Let’s talk about rejection. As I mentioned in my last post, I’ve already been rejected as an author numerous times. In fact, with the rejection I received today, everything I’ve submitted has been rejected at least once. One short story has been rejected eight times!
How should I take that? It depends on who you ask. One author I’ve read (and I will talk about who I’ve been reading in a later post) stated if a story is rejected five or six times, it means the story is not good enough for publication; and the writer should move on to other stories and possibly other careers. Another author advocated a writer keep submitting the story to different markets no matter the number of rejections. This author’s take was that there is a lot of luck involved in finding the right editor at the right time who will accept a new writer’s work. Though I read this advice elsewhere, it actually is #5 of Heinlein’s Five Rules.
I adopted the latter approach. Currently, there are around 35 SFWA-qualifying markets for short stories (generally not including anthologies). However, not all of these accept the same type of story or the same length of story, and not all are continuously open to unsolicited submissions. In other words, the actual number of markets available for submission of a particular short story are much fewer at any one time. And those markets likely are receiving hundreds, if not thousands, of submissions. To paraphrase the reverse of the popular Hunger Games quote, the odds are forever not in my favor.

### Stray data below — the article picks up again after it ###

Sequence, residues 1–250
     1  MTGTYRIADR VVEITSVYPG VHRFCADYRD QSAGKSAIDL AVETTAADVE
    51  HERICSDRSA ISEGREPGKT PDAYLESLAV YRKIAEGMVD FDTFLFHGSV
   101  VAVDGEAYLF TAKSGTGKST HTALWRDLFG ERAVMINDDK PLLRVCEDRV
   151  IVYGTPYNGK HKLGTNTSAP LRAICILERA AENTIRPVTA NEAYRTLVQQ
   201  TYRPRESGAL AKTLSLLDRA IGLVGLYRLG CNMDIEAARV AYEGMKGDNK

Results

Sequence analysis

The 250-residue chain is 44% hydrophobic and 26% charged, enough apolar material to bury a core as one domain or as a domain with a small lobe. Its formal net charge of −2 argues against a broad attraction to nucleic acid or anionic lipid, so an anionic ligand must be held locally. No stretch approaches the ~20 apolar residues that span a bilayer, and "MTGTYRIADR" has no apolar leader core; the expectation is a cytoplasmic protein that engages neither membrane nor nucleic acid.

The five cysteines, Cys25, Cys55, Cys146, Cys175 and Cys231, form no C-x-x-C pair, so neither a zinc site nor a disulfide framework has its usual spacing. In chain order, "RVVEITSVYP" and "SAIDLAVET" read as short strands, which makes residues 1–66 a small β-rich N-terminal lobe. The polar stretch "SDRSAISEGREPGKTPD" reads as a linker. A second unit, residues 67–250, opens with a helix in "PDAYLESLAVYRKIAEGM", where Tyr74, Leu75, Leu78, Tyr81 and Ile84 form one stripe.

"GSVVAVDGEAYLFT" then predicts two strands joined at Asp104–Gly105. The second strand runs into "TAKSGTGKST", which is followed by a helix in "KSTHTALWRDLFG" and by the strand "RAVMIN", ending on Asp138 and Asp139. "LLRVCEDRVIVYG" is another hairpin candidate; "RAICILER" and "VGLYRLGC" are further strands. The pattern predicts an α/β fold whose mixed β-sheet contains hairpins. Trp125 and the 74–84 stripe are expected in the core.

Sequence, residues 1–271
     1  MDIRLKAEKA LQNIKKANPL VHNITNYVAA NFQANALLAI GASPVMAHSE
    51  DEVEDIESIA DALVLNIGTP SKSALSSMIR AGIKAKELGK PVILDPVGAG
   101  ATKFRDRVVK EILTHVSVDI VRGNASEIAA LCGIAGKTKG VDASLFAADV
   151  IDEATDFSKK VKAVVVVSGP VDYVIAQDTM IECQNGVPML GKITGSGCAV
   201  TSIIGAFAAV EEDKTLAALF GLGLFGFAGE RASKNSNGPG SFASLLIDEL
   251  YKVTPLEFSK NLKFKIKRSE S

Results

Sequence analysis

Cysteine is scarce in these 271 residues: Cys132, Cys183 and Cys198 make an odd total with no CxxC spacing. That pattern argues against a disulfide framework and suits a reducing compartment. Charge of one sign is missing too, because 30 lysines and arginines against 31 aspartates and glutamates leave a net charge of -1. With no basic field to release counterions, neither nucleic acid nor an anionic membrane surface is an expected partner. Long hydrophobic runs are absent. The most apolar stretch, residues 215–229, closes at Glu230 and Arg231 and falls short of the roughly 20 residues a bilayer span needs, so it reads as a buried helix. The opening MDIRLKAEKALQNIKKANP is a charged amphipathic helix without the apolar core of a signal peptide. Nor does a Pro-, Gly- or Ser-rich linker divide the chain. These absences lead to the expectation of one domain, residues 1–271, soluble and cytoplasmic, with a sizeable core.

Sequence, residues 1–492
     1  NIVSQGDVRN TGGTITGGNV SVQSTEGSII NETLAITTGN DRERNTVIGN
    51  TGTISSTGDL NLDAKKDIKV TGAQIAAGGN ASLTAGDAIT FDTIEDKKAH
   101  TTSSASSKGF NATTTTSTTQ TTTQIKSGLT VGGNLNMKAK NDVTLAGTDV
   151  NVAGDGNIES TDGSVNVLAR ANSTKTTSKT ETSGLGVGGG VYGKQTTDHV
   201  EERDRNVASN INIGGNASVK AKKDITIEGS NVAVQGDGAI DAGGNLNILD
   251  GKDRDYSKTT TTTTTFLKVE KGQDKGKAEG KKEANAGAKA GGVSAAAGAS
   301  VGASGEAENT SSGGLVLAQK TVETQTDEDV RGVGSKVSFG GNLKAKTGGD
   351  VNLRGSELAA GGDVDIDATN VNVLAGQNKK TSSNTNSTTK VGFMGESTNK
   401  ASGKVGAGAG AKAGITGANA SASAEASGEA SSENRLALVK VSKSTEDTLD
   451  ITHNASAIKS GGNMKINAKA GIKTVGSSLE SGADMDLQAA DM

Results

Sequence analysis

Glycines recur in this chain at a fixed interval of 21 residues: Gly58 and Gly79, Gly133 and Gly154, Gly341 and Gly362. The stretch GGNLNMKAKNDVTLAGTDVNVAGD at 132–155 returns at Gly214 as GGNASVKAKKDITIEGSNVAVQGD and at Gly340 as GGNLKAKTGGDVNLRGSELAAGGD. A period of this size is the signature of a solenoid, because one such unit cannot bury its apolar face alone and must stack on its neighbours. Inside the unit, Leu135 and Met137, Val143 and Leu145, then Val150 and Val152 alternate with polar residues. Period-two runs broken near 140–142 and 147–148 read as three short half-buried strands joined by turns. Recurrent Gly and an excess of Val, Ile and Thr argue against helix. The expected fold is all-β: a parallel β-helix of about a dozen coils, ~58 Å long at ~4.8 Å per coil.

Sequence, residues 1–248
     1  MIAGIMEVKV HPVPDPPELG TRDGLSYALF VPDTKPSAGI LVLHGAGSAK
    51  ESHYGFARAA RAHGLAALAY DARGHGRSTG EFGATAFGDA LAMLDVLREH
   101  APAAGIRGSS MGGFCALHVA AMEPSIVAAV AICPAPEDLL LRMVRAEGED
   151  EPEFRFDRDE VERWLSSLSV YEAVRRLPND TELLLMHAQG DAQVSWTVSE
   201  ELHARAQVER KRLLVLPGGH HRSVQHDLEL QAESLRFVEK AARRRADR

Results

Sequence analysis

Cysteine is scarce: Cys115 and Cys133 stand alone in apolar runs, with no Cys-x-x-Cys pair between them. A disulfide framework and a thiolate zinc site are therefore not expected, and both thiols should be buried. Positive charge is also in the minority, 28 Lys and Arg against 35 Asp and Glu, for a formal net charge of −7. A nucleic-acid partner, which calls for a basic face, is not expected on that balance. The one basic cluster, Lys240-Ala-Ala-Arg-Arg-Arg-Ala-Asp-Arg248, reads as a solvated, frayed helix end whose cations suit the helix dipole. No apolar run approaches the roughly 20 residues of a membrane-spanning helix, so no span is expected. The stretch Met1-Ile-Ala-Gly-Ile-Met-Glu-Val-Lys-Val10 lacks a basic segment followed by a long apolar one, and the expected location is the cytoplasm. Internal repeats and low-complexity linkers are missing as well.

That is especially true when you understand that new writers don’t sell copies of an issue or subscriptions to that publication overall. Established writers, those whose names appear on the cover, do. New writers are lucky if there are a handful of slots in a year’s worth of publications reserved for their work.
The rejections haven’t been all bad. One of my stories was selected in the initial round of a writing contest, though it did not place in the final round. Another story received what I call a positive rejection. That is still a form rejection, but instead of just saying we won’t publish your story, it says we liked your story but we won’t publish it. And we encourage you to submit more stories for consideration. The rejection received today was from the same market and was my first personalized rejection. This rejection was the same as the position rejection, but it included an individual critique of the story from the editor. With the volume of submissions these days, my understanding is individualized feedback from an editor is almost unheard of. Needless to say, I plan to revise my story in response to that feedback before submitting it to another market. (The editor did not ask for revisions and re-submission. Maybe that will happen when I submit my next story to this market.) If you’re interested in the topic of tiered form rejections, there is an interesting post here.
Where does this leave me? To paraphrase another movie (and its predecessor play), always be writing and always be submitting.